Mayor Eric Adams on Sunday continued to campaign against the controversial NYPD bill that will require officers to document even the most minor interactions — inviting members of the City Council to take ride-alongs with cops as they patrol the Big Apple.
“With a bill pending that could make the city less safe, city councilmembers deserve to see firsthand how our NYPD officers are keeping the public safe and building relationships in our communities — and they deserve to understand how this bill would force those officers to spend more time filling out paperwork instead of protecting New Yorkers and keeping our streets safe,” Adams said in a statement.
“We encourage all of them to take advantage of this opportunity.”
The mayor, during a press conference with Police Commissioner Edward Caban, railed against the “How Many Stops Act,” claiming again that it will mire cops in extra paperwork and drive up overtime.
“We don’t oppose the entire bill they presented — we oppose this part of it,” Adams said, referencing how the measure will make cops record the race, gender, age and ethnicity of those involved in so-called level one stops.
“Good faith, but the practicality in application of it is not realistic,” Hizzoner continued. “It’s going to cause millions of reports being generated, and it’s going to drive up overtime.
“You cannot handcuff our police,” Adams said. “I say it over and over again: The goal is to handcuff bad guys who do bad things in our city.”
On Friday, Adams vetoed the proposal, then beseeched members of the Council to “read this entire bill” and compare it with the minor stops it forces officers to chronicle.
“I’m hoping that the city council understands the place that we are coming from,” the mayor said, flanked by members of police unions, the community and his administration.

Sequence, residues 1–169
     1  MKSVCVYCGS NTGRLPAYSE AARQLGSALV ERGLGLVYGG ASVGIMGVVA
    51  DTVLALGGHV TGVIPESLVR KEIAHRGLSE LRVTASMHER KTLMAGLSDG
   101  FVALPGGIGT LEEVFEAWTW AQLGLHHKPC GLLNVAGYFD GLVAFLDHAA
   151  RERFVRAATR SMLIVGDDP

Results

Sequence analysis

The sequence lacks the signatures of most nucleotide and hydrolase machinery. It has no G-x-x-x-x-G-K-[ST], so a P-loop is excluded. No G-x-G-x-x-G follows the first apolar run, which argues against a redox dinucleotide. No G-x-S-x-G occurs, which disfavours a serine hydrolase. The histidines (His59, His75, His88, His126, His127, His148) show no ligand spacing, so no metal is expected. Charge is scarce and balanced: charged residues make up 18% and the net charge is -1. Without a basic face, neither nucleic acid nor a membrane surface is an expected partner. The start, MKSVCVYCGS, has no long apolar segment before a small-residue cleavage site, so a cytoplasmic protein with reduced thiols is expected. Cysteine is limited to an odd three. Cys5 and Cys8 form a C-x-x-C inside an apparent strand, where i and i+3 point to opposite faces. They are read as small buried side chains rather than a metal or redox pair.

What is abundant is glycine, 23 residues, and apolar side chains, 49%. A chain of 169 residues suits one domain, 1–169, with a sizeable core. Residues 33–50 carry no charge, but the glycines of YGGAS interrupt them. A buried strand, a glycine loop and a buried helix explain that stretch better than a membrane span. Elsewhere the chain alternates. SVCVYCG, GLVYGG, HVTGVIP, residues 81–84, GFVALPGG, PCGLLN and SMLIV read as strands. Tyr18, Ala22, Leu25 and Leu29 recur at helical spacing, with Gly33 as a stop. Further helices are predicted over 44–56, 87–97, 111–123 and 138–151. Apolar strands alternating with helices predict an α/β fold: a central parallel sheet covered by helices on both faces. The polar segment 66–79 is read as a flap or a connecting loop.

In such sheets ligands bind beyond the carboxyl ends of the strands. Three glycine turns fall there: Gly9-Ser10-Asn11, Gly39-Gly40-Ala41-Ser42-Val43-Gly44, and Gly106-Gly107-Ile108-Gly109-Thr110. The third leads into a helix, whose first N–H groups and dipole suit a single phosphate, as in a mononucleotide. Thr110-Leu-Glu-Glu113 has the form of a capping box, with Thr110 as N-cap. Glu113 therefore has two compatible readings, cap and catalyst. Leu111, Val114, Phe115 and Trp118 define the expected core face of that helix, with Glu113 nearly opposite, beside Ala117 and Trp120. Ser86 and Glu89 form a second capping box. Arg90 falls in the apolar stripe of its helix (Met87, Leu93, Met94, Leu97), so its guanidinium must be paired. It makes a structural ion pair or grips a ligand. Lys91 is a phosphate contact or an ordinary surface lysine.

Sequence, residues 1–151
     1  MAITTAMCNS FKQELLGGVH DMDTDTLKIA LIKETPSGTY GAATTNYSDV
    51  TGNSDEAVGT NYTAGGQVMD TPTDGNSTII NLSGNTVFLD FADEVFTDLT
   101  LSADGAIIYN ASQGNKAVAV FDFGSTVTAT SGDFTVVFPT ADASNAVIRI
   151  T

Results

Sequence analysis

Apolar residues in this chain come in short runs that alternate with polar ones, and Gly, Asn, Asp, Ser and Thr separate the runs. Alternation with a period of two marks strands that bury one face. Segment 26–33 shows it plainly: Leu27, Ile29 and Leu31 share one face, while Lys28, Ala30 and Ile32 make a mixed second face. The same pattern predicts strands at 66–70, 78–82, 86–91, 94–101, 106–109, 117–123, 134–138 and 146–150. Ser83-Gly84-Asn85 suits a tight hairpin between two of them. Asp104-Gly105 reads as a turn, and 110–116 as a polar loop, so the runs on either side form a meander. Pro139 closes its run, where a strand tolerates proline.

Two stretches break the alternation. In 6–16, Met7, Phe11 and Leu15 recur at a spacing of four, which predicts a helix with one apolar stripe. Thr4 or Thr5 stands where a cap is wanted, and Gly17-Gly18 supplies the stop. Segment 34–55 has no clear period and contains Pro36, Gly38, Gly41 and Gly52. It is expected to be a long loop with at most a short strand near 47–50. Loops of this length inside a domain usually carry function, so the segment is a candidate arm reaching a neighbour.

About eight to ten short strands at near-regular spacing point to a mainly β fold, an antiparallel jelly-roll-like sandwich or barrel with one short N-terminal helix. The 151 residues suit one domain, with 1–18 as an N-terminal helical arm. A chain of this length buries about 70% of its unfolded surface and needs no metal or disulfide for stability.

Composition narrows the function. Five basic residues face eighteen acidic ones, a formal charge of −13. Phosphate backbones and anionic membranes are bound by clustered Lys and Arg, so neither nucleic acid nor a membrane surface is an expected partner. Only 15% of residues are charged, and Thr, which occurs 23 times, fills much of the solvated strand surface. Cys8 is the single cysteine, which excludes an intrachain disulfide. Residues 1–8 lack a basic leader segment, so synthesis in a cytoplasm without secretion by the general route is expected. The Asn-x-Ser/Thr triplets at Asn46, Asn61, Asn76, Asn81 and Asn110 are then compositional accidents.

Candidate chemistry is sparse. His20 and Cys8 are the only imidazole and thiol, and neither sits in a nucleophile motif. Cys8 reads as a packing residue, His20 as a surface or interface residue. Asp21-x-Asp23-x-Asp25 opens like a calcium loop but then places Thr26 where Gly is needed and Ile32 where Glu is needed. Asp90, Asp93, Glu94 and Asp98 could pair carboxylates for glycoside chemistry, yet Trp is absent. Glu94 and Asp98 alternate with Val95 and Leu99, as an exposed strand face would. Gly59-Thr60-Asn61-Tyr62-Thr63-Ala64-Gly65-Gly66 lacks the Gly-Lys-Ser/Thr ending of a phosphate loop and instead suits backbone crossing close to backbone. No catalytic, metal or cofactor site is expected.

“We’re not coming from an argumentative place,” he added. “We’re not coming from being disagreeable. We’re coming from a place of public safety. This bill is going to get in the way of that.”
The Council — which passed the legislation with a veto-proof, 35-9 majority in December — struck back on Sunday, issuing a statement that said the Adams administration has ignored the fact that level one stops “often include instances when officers are asking someone where they are going or for their identification absent criminal suspicion, something the Council understands.
“The differences between Level 1, 2, and 3 stops are often not apparent to New Yorkers who are impacted by these daily disruptions, underscoring the importance of transparency that the Council’s bill would achieve,” the statement said.
“Council Members have strong relationships with their local precincts and officers because of their frequent collaboration and engagement to promote the best interests of their communities,” it continued.
“Deepening those relationships is always something members are open to doing in their districts. We want to have public and private conversations with this administration based on facts, rather than falsehoods.”
Other backers — such New York City Public Advocate Jumaane Williams — have said Adams is being disingenuous in his critiques.
“The mayor — who will be charged with implementing this bill — is actively undermining and misinforming people, including new recruits,” said Williams.
“I have never seen this amount of deceptive practices and deception and misinformation in all of my years.”
After Adams’ veto, Williams accused the mayor of “manipulating people’s pains and fear to feed his ego and political interests.”
The NYPD already captures the majority of the information for level two and level three stops with its body-worn camera reports, but critics have argued requiring the notation of age, sex and race and ethnicity in common, low-level stops would pull cops off the street for too long and lengthen their already-long shifts.
Caban buttressed Adams’ statements, saying that while more serious encounters are measured in the tens of thousands, level one encounters are “measured in the millions.”
“Those millions of encounters do not even begin to account for the daily policing that is the bedrock of our officers’ work,” Caban said at the press conference Sunday, adding that the bill’s demands are “staggering.”
The commissioner also said that last year, the NYPD responded to 8.5 million 911 and 311 calls.
The Council is set to formally “accept” Adams’ veto next week, and it will then have 30 days to call a vote on whether to override it, something that requires two thirds of the 51-member body.
Hizzoner said he was hoping the council is willing to compromise.
“I’m hoping that this is a reflection point,” Adams said. “That we can come to a good understanding of how we can get what we all want.”